Movie Review: Sanam Teri Kasam

February 5, 2016

(Any opinions expressed here are those of the author and not of Thomson Reuters)

Sanam Teri Kasam” is Radhika Rao and Vinay Sapru‘s second Bollywood film as directors and is the cinematic equivalent of pulling off a Band-Aid very, very, very slowly. Excruciating and never-ending.

sanam2This ill-fated love story packs pretty much every tear-jerking trope in the movie rule book, and is so out-dated in its treatment and outlook that you wonder if it really is 2016.

How else can you justify the heroine wearing high-neck collar dresses covering every inch of her skin, shrinking away from men, and consider getting married her only aim in life?

Saru (Pakistani actress Mawra Hocane) is a timid woman terrified of her conservative and dictatorial father, works at a library (which is where all bookworms work apparently) and wants to get married to an “IIT-IIM” type to make her father happy.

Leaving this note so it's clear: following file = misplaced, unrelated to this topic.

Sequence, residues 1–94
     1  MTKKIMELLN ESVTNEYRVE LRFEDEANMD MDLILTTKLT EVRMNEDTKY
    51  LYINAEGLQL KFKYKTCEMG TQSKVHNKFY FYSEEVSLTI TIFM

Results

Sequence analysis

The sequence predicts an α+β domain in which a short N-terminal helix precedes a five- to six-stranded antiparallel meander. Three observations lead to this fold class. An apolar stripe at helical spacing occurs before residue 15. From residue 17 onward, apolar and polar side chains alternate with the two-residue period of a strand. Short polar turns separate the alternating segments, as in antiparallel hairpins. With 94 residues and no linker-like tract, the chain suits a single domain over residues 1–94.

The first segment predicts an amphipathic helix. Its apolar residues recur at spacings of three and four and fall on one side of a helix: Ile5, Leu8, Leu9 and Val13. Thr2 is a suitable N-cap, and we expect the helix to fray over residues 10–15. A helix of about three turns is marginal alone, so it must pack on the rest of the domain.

Her neighbour Inder (Harshvardhan Rane) has just served a jail sentence, has a string of girlfriends and is the opposite of her ideal man. Unfortunately, Saru’s father catches her in Inder’s apartment and banishes her. All part of a misunderstanding, of course, as our virtuous heroine wouldn’t dream of being caught alone in a man’s apartment.

sanam1A miserable Saru returns to Inder, who helps her find a new house, gets her a makeover (no more loose clothes), and even a “IIT-IIM” husband, all the while flexing his very visible muscles. None of those muscles seem to make it to his face, which remains static. Hocane compensates for Rane’s catatonic state by overemphasizing every emotion and screeching her dialogue.

Directors Sapru and Rao borrow liberally from successful movies like “Love Story” and “Hum Dil De Chuke Sanam”, but fail to execute even these tried-and-tested tricks. Their actors seem to be at sea, and there are many unintentionally hilarious moments, like when Saru calls Inder a “personal love letter from God”.

“Sanam Teri Kasam” is one of those films that should have been made in the 80’s, when such themes might have been better accepted. Or better yet, it shouldn’t have been made at all.

(Editing by Tony Tharakan; Follow Shilpa on Twitter at @shilpajay and Tony at @TonyTharakan. This article is website-exclusive and cannot be reproduced without permission)

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